It was another early-ish start the next day for our donkey ride out to the Valley of Kings. Coincidentally it was also my 41st birthday, though the birthday portion of the day turned out to be pretty minor. My donkey, especially, seemed unimpressed by my Birthday Girl status. As for the donkey ride, it was another one of those things I mentioned above – like the horse-drawn carriages – that seems like a good idea, but ends up being fun for 15 minutes, then sort of uncomfortable, then tedious. The ride took over an hour, and a lot of it was on fairly busy streets where we were frequently passed by shiny air-conditioned buses on the way to the Valley.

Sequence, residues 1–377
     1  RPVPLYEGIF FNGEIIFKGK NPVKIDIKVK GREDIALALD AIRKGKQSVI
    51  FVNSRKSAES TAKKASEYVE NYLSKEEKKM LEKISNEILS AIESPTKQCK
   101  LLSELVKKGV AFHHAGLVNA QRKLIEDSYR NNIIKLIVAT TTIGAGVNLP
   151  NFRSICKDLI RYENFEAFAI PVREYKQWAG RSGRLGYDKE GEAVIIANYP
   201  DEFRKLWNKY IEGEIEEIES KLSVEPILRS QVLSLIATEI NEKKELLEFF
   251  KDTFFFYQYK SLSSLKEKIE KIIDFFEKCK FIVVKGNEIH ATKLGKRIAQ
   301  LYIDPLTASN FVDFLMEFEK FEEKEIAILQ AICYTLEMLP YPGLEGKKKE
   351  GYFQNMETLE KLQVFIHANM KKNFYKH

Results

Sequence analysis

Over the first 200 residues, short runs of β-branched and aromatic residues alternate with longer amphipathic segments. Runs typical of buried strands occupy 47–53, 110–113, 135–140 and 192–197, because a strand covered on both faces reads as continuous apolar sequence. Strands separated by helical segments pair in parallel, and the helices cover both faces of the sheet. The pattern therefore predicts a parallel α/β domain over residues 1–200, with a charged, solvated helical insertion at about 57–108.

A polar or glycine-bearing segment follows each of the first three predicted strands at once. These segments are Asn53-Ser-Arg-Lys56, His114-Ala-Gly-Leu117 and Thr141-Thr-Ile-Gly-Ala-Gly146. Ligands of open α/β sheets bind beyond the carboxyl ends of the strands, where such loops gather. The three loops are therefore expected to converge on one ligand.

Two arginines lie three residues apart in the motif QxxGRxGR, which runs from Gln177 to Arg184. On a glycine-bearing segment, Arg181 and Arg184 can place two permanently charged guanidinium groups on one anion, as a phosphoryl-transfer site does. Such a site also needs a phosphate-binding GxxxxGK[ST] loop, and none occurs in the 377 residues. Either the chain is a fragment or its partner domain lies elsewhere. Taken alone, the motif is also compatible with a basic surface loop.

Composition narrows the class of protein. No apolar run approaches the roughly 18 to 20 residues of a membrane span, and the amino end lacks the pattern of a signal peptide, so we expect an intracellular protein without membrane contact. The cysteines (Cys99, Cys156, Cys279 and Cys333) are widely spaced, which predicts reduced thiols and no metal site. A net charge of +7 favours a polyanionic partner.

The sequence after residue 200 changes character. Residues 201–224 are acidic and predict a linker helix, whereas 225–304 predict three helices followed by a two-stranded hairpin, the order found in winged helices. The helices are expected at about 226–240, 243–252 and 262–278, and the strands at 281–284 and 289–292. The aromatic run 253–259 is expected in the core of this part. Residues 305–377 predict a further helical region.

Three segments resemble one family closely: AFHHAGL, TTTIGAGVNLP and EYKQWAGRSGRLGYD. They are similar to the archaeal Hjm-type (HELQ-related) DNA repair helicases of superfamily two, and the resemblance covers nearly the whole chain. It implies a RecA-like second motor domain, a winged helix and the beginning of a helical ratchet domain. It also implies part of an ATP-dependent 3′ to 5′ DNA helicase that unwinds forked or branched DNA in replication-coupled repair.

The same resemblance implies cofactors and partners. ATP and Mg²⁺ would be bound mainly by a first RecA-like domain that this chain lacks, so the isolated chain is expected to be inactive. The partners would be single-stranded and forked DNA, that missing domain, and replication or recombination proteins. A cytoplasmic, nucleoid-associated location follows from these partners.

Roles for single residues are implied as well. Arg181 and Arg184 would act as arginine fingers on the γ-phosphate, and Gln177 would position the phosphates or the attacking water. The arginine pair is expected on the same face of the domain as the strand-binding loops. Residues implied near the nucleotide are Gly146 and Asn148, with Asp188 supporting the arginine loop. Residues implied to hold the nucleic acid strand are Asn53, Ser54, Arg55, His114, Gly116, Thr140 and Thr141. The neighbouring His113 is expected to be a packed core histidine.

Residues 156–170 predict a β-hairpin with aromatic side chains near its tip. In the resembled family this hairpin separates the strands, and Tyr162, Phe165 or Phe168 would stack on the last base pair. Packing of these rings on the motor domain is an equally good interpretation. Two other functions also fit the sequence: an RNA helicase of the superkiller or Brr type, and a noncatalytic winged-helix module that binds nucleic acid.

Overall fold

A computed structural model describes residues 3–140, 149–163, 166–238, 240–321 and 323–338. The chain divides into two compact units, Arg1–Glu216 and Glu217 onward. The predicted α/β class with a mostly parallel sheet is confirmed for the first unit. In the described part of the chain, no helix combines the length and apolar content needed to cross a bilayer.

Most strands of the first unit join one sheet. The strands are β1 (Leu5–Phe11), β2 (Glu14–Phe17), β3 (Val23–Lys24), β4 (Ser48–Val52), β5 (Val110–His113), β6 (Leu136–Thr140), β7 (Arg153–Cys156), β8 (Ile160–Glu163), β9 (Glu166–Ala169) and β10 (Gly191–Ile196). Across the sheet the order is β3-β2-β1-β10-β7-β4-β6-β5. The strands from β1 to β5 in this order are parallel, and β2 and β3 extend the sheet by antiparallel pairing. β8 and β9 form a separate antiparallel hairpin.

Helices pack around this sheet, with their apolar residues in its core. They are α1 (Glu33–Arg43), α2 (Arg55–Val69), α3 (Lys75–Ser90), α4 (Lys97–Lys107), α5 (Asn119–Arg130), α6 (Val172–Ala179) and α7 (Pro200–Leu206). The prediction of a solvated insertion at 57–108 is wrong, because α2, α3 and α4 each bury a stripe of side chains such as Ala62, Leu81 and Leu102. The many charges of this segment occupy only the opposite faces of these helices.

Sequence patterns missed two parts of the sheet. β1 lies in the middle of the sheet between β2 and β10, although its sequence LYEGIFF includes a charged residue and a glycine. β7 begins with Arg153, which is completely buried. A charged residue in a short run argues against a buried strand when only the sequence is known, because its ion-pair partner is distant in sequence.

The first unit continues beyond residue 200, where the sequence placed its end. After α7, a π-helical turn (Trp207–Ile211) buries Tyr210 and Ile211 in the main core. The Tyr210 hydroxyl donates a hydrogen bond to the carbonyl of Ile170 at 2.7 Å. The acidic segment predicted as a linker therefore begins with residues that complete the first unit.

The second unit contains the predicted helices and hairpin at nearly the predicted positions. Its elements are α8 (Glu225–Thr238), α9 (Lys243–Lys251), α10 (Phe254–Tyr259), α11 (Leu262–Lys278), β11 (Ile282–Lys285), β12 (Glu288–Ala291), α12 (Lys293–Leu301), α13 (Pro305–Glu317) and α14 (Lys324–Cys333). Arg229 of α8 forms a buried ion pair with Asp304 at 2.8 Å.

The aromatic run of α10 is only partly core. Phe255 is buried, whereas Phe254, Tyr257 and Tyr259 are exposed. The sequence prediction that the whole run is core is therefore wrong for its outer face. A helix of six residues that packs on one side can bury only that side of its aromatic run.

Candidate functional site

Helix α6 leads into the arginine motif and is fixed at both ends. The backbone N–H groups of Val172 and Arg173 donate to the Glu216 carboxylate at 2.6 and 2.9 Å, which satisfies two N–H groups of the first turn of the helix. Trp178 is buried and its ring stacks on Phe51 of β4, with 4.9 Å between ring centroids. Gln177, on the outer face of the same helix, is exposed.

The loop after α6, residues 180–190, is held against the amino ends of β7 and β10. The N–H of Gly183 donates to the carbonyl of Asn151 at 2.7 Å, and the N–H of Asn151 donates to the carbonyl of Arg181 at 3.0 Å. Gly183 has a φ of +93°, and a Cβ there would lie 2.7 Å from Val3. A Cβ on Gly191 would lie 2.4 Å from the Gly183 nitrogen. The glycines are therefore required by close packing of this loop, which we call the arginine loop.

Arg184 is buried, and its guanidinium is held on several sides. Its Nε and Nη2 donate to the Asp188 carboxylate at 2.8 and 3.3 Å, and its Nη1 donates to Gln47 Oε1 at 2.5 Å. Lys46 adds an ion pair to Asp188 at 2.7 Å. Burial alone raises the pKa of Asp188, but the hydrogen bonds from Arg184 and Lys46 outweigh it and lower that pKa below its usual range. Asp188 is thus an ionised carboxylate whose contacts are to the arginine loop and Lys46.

Yes, the donkey was small. They were all that size. I promise you, Kathryn, that my size relative to that of the donkey was not at all unusual.

Once we finally arrived, after only one mishap involving donkey and rider parting company unexpectedly and with minor blood loss (not me), Mr Adil was there again to guide us around the site. No cameras are allowed anywhere in the Valley so I have no photos, but it turned out that the whole thing was just a bit disappointing. There are a total of 63 tombs hidden away in the Valley – from an era rather later than that of the pyramids, when kings started to realize that burying themselves and their treasures underneath massive monuments was a bit like erecting a huge billboard reading “Attention thieves: unimaginable riches contained within. Please Steal.” Everything is underground in the Valley, but of all the tombs known to be there only three are open to the public. Of course the most famous tomb at the site is that of King Tutankhamen, but we didn’t bother to go into that one. It costs an extra £100 (about $20), and we’d seen all the good stuff from inside it in the Egyptian Museum anyways. Even the LP admits that it is “far from the most interesting”.